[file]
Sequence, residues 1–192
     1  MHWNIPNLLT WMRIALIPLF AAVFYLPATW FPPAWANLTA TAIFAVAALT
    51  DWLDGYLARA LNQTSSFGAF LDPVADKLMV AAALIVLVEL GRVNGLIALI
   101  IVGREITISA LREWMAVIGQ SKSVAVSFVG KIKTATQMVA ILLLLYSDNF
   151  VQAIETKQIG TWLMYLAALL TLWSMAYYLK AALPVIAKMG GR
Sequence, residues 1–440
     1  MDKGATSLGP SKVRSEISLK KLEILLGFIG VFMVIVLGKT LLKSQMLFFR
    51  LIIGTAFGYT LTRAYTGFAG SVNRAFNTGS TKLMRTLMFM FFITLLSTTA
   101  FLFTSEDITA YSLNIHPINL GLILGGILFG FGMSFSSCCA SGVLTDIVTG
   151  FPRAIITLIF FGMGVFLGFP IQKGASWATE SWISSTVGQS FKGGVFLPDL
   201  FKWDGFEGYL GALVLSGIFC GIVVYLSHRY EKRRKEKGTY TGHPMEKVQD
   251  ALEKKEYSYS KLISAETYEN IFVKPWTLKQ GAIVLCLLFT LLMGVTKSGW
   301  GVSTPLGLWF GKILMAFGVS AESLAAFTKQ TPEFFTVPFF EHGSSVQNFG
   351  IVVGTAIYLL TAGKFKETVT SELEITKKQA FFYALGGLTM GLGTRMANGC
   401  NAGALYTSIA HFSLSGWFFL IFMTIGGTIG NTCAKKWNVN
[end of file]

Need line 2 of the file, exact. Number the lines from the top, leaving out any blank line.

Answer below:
     1  MHWNIPNLLT WMRIALIPLF AAVFYLPATW FPPAWANLTA TAIFAVAALT